Star of stage and screen Mark Curry followed a long line of successful actors from John Noakes and Peter Duncan when he secured a role of presenter of the BBC flagship children’s series Blue Peter in 1980. Beginning his broadcasting career for Yorkshire Television before settling in Manchester where he presented the children’s Saturday morning show Get Set For Summer alongside Peter Powell and Lucie Skeaping. The first time that he stepped foot inside TV Centre was in 1982 when he featured in the legendary Christmas All Star Record Breakers alongside a plethora of stars from children’s TV. Unbeknown to Mark, this was the beginning of his relationship with the home of TV which he would become accustomed to in the coming years.
Press play, below, to listen to the full interview
Or watch the unedited zoom call on youtube
This was set to become a reality just four years later when he joined the presenting team of Peter Duncan and Sarah Greene on the flagship children’s series Blue Peter. It was here when Mark truly understood the magic of TV Centre and the many people who contributed to it being a vibrant hotbed of creative talent. Established chief editor Biddy Baxter was the absolute beating heart of the show, taking care of everything from directing and producing to creating the master models for the ‘here’s one I made earlier’ sections. For twenty years Baxter had steered the Blue Peter ship in what many consider to be a very male dominated era and laid the foundations for the show’s longevity. A legend of TV production, Biddy knew about every aspect of Blue Peter and had a vision for its exact execution. Such leadership left Mark in absolutely no doubt over his purpose in the series and because of this direction, he became a better broadcaster and performer.
After leaving the loving family of Blue Peter in 1989, Mark then joined another children’s television institution in the form of Record Breakers. This was tinged with a degree of sadness as the reason for his inclusion was to stand in for the legendary Roy Castle who was suffering from ill health. Mark was able to fulfil the more showbiz side of the show but was determined not to be labelled as Castle’s direct replacement because Roy was very much a significant part of the series. Yet as a fellow actor and performer, he ensured that the vaudevillian aspect of Record Breakers was able to continue. Sadly this was to be Mark’s last major television series from BBC Television Centre: a place which had been so instrumental to his career and helped to make him one of the most prolific and influential TV stars of the 1980’s. For a short but significant period in his career, Television Centre had been the place where all his entertainment dreams came true and he left it as a better performer than when he first entered.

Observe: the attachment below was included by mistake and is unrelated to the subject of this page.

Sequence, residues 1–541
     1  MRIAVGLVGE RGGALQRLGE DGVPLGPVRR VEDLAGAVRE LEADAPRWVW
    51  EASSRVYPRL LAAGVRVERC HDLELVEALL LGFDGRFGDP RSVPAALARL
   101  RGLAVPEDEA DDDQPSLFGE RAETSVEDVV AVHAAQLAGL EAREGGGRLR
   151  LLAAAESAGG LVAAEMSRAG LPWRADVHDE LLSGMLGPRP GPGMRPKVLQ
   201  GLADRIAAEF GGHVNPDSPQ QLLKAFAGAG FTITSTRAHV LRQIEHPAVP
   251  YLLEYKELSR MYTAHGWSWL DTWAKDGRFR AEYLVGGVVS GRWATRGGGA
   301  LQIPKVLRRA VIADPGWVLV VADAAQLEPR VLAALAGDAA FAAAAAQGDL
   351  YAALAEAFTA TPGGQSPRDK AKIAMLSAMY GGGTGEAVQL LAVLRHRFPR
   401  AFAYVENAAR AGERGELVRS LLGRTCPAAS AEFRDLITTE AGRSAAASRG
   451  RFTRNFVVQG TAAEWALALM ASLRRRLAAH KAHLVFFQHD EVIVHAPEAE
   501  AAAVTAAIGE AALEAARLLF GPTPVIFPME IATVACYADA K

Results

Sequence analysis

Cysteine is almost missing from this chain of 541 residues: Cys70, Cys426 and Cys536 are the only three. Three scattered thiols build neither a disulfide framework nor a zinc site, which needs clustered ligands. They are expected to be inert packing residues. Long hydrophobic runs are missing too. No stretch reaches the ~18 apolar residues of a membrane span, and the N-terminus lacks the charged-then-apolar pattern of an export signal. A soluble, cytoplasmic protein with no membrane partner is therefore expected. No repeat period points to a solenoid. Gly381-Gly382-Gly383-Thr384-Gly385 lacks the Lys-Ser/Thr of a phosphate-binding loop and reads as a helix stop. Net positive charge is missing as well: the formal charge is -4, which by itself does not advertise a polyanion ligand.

Since his days at TV Centre, Mark has presented the ITV quiz show Catchphrase, become a sports commentator on BBC Radio 5Live presiding over the coverage of Wimbledon. In 2016 he joined the cast of the West End version of Wicked: a role which he still honours until this day. Yet his fondness and admiration for Television Centre still surround him as people of a certain age shall forever associate him with the glory days of Blue Peter. It was a pleasure to talk to the great Mark Curry about his memories of Television Centre and may these memories prove that it may be gone but never forgotten.